Blepharospasm is the technical term for eye twitching. Blepharospasm is defined as abnormal involuntary blinking, eye twitching or eye spasms of the eyelids. The involuntary eye movements are caused by uncontrollable contractions of the muscles around the eyelids. Eye twitching is usually experienced under just one eye, but the top of the eyelid and/or both eyes can also be involved. Eye twitching comes and goes but can last for weeks and even months at a time. While involuntary Eye Twitching sounds serious, it is relatively common with most people experiencing it at one point in their life.
How do you get Eye Twitches?
Eye Twitching occurs when the basal ganglion abnormally functions for various reasons. The basal ganglion is the part of the brain that is responsible for controlling the muscles. Some of the causes for the abnormal functioning of the basal ganglion include:
- Stress: If you experience eye twitching while under stress reducing your stress may alleviate the eye twitching.
- Anxiety: If you are anxious and experiencing eye twitching, reduce your anxiety to get rid of the spasms. Stress, fatigue and anxiety appear to be the most common causes of eye twitching
- Overexposure to bright lights: Bright lights can cause eye strain which can trigger eye twitches.
- Lack of sleep: Not enough sleep can trigger eye twitching; catching up on your sleep may be the best treatment for eye spasms.
- Prolonged staring or eye strain: Eye twitching can be triggered if your eyes are forced to work too hard.
- Neurological disorders including Tourette’s Syndrome
- Alcohol or Caffeine: Eye twitches can be triggered by too much alcohol or caffeine intake; to alleviate the eye spasms try reducing the amount of alcohol or caffeine consumed.
- Dry eyes: Having dry eyes can trigger eye twitching, treating dry eyes can help stop eye spasms.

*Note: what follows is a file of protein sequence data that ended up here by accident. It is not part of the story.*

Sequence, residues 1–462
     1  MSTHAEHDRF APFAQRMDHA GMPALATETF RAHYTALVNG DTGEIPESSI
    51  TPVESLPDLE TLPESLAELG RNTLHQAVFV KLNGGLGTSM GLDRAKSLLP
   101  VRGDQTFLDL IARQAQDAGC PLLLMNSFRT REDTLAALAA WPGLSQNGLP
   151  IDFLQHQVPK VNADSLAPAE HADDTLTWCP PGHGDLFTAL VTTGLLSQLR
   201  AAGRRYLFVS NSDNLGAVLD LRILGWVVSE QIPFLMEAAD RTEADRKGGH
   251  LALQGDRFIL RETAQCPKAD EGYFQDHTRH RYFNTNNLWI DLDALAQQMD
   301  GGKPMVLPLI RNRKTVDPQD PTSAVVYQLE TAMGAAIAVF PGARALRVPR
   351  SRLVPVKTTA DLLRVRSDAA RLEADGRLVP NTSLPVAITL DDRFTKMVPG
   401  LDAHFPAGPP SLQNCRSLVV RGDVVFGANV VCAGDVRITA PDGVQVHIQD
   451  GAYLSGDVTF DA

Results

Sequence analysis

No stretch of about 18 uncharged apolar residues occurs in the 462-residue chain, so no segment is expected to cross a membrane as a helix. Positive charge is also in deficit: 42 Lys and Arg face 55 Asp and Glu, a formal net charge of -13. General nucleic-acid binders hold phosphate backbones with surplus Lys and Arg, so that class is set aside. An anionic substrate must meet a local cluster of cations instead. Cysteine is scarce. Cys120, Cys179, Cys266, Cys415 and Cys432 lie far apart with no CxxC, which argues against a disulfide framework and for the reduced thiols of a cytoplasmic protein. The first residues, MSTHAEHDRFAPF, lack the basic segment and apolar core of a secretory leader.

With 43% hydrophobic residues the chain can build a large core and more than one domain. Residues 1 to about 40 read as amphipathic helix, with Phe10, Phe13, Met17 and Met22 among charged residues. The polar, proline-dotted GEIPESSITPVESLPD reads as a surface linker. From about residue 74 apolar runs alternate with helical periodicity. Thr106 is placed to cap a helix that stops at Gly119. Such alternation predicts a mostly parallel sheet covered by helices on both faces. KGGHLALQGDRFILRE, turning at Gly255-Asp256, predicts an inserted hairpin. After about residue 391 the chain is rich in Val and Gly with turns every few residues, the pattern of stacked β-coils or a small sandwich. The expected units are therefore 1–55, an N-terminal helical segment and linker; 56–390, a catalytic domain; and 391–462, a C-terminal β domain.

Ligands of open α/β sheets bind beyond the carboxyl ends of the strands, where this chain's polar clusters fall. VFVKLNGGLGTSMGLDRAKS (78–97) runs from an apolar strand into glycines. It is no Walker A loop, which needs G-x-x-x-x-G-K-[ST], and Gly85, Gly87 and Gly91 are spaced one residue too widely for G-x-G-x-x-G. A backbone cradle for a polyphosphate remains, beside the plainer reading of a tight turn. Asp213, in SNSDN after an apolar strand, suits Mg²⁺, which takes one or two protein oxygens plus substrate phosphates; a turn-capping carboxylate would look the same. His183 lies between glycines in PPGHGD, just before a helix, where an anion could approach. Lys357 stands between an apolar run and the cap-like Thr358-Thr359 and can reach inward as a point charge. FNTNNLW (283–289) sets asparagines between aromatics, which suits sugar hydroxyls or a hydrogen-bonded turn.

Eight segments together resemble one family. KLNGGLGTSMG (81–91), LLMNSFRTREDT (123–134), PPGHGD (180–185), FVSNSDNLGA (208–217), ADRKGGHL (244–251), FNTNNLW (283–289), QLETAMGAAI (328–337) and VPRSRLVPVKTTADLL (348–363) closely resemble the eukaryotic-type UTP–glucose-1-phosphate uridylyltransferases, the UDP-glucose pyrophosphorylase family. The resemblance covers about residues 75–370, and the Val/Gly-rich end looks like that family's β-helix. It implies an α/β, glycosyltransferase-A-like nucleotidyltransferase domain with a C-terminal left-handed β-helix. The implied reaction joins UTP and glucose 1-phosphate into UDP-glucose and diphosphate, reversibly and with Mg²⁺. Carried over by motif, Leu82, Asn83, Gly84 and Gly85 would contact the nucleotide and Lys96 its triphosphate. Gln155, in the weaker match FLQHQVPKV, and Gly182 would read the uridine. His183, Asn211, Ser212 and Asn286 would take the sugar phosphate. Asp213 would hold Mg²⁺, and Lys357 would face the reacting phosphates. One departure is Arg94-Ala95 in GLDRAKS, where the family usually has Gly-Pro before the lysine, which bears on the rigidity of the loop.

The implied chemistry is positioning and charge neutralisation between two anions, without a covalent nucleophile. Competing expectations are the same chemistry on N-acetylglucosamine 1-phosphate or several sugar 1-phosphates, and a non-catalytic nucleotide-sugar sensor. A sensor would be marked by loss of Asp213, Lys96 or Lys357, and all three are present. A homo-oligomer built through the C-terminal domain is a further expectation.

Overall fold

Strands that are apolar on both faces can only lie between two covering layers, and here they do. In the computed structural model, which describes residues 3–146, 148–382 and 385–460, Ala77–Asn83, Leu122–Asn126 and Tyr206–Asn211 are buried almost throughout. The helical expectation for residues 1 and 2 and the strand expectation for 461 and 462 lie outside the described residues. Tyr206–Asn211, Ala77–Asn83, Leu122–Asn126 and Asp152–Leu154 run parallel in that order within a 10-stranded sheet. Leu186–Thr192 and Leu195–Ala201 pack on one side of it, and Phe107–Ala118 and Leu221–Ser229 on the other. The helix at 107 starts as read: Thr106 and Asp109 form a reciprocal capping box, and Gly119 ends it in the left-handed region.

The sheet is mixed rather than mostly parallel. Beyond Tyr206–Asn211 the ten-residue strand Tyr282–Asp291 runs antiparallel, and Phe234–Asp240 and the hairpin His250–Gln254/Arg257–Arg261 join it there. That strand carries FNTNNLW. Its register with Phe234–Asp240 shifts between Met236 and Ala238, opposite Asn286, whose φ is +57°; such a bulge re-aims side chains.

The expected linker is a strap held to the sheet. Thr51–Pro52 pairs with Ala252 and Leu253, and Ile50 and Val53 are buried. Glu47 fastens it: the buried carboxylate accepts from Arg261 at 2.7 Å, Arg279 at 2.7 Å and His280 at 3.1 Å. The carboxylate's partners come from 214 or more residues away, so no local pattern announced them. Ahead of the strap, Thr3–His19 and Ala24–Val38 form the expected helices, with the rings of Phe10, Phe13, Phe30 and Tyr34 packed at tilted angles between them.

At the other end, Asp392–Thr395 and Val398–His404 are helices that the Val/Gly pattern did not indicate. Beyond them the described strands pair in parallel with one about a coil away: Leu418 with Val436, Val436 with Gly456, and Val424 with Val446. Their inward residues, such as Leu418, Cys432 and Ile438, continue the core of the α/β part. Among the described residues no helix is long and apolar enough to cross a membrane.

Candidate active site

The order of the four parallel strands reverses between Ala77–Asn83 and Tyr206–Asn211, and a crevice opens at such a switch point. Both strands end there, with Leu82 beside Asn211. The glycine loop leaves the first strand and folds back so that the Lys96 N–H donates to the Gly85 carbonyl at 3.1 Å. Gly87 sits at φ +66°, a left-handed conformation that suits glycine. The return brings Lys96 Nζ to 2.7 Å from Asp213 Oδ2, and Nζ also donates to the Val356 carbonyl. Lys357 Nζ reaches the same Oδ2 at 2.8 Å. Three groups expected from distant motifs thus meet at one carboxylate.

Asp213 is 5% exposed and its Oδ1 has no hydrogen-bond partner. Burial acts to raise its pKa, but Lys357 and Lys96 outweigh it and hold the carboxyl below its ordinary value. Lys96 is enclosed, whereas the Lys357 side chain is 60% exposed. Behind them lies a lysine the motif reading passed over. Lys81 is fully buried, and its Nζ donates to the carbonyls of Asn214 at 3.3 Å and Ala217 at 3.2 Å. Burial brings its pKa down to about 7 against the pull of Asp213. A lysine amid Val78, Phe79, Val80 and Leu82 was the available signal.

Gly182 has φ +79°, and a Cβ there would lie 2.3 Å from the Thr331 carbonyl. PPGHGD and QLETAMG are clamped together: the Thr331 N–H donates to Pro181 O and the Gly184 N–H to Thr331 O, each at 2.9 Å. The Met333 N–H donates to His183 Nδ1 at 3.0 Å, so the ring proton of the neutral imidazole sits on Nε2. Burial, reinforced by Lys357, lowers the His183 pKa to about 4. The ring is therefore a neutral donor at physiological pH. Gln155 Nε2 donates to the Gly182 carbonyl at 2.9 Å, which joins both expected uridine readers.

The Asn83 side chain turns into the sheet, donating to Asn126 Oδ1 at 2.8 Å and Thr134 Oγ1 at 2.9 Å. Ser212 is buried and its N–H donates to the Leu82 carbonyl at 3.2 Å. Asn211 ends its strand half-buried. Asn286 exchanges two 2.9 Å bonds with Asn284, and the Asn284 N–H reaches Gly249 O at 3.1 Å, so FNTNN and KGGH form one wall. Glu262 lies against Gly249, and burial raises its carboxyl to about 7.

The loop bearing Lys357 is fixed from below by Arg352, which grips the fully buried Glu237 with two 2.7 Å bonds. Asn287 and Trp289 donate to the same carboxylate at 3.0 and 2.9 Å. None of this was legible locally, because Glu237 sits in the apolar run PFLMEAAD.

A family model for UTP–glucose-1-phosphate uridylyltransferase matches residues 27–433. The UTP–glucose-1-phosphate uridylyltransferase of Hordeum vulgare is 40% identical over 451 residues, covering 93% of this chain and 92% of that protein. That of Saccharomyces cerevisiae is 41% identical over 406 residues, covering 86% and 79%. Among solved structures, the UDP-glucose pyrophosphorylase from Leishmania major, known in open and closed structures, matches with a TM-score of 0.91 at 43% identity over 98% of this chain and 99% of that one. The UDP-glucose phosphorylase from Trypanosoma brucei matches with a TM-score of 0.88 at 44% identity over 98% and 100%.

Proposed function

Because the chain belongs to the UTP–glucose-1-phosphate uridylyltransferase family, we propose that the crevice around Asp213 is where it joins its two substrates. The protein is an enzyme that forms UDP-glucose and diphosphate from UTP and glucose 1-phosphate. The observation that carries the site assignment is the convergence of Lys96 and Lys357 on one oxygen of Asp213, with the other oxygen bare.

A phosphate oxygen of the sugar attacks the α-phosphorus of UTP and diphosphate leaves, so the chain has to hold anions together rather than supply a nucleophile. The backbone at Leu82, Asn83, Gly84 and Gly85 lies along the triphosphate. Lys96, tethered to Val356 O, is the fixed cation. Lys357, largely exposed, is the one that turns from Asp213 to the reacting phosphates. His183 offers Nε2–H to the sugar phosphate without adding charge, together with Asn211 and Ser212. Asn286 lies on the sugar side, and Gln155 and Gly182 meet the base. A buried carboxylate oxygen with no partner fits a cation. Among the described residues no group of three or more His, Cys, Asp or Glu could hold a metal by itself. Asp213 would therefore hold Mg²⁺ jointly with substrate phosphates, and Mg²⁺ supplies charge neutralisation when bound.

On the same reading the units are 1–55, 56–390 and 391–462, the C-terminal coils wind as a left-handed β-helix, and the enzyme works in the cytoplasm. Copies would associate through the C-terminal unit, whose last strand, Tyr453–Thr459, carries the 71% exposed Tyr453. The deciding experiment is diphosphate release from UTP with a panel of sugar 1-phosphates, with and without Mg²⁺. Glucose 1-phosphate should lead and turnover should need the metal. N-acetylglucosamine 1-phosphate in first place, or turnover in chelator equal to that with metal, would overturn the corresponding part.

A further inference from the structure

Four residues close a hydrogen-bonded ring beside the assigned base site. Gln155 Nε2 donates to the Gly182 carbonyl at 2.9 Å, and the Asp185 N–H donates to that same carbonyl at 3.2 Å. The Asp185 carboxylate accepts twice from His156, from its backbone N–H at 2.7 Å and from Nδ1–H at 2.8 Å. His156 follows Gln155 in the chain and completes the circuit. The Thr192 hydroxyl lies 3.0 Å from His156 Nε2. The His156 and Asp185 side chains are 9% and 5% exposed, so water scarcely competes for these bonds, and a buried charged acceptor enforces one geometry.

- Nutritional Imbalances: Some people believe that lack of certain minerals and nutritional substances like the lack of magnesium can trigger eye twitches. If you experience eye twitching a nutritional deficiency might be the cause.
- Allergies: Eye allergies can cause itching, swelling and watery eyes. When irritated eyes are rubbed histamine is released into eyelid tissues and tears. Some evidence suggests that histamine can cause eye spasms. Try treating your allergies to alleviate eye spasms.
While the main cause for eye twitching is the abnormal functioning of the basal ganglion, it is also possible that eye twitching is hereditary. If you experience occasional eye twitching than chances are someone else in your family has also experienced eye twitching.
Treating Eyelid Twitching
Most of the time sudden eyelid twitching is not serious nor is it a sign of a medical problem. Usually, treating an eyelid twitch that comes on suddenly means finding the root of the problem and solving that – whether its reducing caffeine intake, reducing stress, getting more rest, treating dry eyes or getting a new glasses or contact lens prescription.
There are more serious forms of eyelid twitching that are caused by neurological conditions. These conditions are somewhat rare (less than 1 in 20,000 patients with twitching). Persistant twitching is worth an evaluation.